Here is a "da dao" sword 大刀 (or dakandao) typical of those issued to the Chinese military c. 1930's. These swords were used extensively by the Chinese Red Army against the Japanese.
The sword is 33 inches in total length. The blade is 22 inches long, 3 ½ inches wide at its widest point near the tip, and ¼ inch thick near the guard, tapering towards the tip. It weighs a bit over 3 lbs. The blade is laminated, and this is an uncommon feature that means expert forging was inolved in making this particular sword. It is known that these swords were made from good quality recycled railroad tracks. The tracks were torn up to prevent the Japanese army from using them. Railroad workers used blacksmith forges to produce vast quantities of da daos, so unlike virtually every other Chinese sword, it is not hard to find "real" antique da daos outside China.
The da dao is thought to be a recreation of a sword from the Ming dynasty era begining in the early Qing era. The da dao's that immediately preceded the type of military da dao you see here were the "da dao hui" that originated with the secret societies of North China. These same societies were involved during the times of the Boxer Rebellion. The secret societies were destroyed in Hebei and Shandong provinces around 1937 to 1939.
The Chinese soliders who carried the da dao practiced daily and many became quite accomplished martial artists. The sword itself was not very useful against Japanese machine guns, but when ammunition ran low on either side, hand-to-hand combat was next and the da dao performed well. The sight of an army charging with these heavy weapons was said to be terrifying. In 1933, Chinese soldiers defended the Great Wall against Japanese advances using the da dao. The da dao gained noteriety in the outside world in 1937 when the Chinese forces charged and defeated a superior Japanese force in what has become known as the "Marco Polo Bridge Incident".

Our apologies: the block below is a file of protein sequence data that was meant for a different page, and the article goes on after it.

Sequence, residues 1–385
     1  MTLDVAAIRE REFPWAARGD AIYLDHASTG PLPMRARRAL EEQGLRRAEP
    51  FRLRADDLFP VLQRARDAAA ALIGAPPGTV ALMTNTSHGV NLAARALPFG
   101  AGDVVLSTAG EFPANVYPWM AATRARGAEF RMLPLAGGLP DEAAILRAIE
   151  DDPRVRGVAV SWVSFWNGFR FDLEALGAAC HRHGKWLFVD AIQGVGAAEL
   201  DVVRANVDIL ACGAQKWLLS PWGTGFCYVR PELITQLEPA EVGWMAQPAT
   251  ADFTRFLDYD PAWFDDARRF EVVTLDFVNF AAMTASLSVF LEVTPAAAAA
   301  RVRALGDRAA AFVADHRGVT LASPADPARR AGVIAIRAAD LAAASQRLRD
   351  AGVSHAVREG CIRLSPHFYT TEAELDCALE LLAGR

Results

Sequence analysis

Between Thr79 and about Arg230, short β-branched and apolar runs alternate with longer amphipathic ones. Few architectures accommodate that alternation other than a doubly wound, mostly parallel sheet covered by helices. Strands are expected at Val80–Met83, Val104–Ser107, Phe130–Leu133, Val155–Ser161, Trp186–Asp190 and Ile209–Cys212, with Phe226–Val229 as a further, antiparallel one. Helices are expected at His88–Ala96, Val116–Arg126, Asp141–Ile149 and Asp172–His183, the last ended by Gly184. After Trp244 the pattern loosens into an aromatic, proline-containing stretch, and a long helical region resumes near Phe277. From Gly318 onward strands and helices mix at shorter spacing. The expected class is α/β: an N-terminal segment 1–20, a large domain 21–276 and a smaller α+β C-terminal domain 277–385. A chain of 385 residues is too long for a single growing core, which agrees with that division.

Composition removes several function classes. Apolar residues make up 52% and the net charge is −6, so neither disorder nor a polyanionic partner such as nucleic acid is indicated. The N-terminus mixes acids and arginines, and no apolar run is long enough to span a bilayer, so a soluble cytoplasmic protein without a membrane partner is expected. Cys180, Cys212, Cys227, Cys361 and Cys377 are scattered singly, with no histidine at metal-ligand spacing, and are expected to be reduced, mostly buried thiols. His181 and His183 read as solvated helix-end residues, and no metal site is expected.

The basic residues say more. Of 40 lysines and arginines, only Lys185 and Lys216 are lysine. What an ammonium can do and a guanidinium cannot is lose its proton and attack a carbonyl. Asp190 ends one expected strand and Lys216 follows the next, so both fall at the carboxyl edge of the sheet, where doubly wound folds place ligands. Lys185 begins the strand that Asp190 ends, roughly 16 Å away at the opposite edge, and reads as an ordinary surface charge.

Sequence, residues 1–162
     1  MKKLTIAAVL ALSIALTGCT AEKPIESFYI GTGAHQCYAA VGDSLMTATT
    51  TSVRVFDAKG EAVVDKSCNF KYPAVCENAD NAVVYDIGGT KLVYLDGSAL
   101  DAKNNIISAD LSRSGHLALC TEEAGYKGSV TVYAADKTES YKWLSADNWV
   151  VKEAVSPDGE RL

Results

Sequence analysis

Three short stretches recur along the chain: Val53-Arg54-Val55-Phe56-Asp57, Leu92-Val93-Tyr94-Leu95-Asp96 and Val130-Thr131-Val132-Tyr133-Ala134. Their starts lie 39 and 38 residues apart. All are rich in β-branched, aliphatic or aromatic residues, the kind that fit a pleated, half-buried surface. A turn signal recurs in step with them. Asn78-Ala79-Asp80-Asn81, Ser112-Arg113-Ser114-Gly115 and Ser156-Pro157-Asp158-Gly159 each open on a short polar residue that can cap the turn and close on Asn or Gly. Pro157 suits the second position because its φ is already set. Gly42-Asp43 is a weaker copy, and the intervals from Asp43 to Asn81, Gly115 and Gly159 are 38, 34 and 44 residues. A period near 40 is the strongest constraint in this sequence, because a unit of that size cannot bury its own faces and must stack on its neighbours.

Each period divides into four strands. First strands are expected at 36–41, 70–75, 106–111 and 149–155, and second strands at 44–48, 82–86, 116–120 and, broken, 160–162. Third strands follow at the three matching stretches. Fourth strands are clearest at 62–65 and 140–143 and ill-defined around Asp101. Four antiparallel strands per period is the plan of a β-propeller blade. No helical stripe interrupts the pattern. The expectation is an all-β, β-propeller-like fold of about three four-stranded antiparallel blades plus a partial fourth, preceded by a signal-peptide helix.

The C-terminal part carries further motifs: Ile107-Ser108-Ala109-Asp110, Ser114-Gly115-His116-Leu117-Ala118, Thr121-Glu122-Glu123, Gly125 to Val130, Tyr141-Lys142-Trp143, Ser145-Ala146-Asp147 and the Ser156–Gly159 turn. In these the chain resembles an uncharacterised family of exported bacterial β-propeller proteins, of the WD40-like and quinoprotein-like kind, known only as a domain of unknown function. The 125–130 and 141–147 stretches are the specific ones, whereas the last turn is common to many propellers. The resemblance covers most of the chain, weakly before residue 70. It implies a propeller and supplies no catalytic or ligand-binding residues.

China in the early 1900's before and after WWII was a highly volitile and dangerous place. The da dao was often carried by police who used it for public execution after apprehending and giving a brief "trial" to a suspected criminal. This sword thus became a very strong symbol of the "Wil to Power" and terror that acccompanied it.
Some interesting background on the da dao can be found here.
On the guard, with drooping quillions, are symbols which translate as:
China Work Clothes Red Army
and on the reverse,
16th Road Army